Contributed by Adam Simon / Lately I find myself wondering what impact the ubiquity of cellphone cameras is having on the practice of fine-art photography. As frustrating as it might be for the serious photographer to see everyone and their cousin constantly taking and posting pictures, one salient effect could be a rising inclination to explore the limits of what defines a photograph. There has been a resurgence of interest in photograms and camera obscura for some time now, and Joy Episalla’s current show of works labelled ‘foldtograms’ on view at Tibor de Nagy are even further removed from the idea of capturing an image.
Tag: Adam Simon
Contributed by Adam Simon / In the neighborhood of abstract painting, Maureen McQuillan’s backyard – reflected by works on view at McKenzie Fine Art until May 15 – features process-based or system-based painting. Loosely defined, this is painting for which the process of its making is its primary subject and the finished painting is understood as evidence of that process.
“Mind the Gaps” at the Osmos space on East 1st Street takes as its curatorial premise that it has no consistent curatorial premise and so offers a welcome respite to the incessant connecting of dots of contemporary life. The curatorial statement of non-intent leaves viewers to “puzzle out their own version of coherence.”
Contributed by Adam Simon / One of Russell Maltz’s singular achievements is to demonstrate how easily utilitarian objects and materials can be transported, Cinderella-like, into the alchemical realm of fine art. This is partly a property of the materials themselves: the symmetry, weightiness, and economy of products meant for construction. “Russell Maltz: Painted/Stacked/Site” on view at Minus Space in Dumbo, through July 30, with an additional nearby storefront installation and a slide show depicting found sites of construction material.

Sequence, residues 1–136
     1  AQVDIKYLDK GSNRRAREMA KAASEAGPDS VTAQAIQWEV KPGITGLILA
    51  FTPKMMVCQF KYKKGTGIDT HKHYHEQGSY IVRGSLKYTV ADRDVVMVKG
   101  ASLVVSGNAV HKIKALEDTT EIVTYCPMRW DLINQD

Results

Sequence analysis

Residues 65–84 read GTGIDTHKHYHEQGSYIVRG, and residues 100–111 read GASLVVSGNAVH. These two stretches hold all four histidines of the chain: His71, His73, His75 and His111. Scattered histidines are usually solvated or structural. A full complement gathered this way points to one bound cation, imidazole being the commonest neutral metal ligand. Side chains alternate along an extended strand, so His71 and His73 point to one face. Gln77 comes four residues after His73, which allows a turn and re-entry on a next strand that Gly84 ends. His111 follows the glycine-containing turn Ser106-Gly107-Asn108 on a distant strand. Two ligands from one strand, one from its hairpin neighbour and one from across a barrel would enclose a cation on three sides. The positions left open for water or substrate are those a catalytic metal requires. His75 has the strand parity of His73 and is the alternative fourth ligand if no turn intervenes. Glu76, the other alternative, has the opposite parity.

“AS/AS: Anton Stankowski / Adam Simon” at Osmos Address explores the convergent interests of two artists, separated by 50 years, coming from two different fields, who had never met and whose work was unbeknownst to one another,.
Contributed by Adam Simon / It has been argued that there is no such thing as an abstract painting anymore, only pictures of abstract paintings. What sounds like a slur on abstract painters is simply an acknowledgement that digital technology, social media and the proliferation of images has affected how […]
Contributed by Adam Simon / Jude Tallichet�s Fire Escape, one of several sculptures in her exhibition �Heat Map� at Smack Mellon in Dumbo, doesn�t look like something that would help if your building were burning down. It hangs there in all its ineffectuality, abject yet amiable, enormous and out of […]
Contributed by Adam Simon / The space between 0 and 1 is infinite. I thought of this in relation to David Diao�s exhibition, “Studios and Sales,” currently at Postmasters. The show is an inspired pairing of two works, Studios, Updated and Sales. Sales is an arrangement of twenty-five smallish paintings from 1992 that documents […]
Contributed by Adam Simon / One of the under-appreciated aspects of art viewing is the way that a given work establishes a certain relationship with a viewer. Mark Rothko famously claimed that �lots of people break down and cry when confronted with my pictures.� He may have been trying to […]
Contributed by Adam Simon / Lineage is not a concept with a lot of currency these days; too close, perhaps, to its more d�class� kissing cousin, tradition. We look to academia and art history to find precursors for artistic innovators. Typically, the presentation and criticism of art tend to focus […]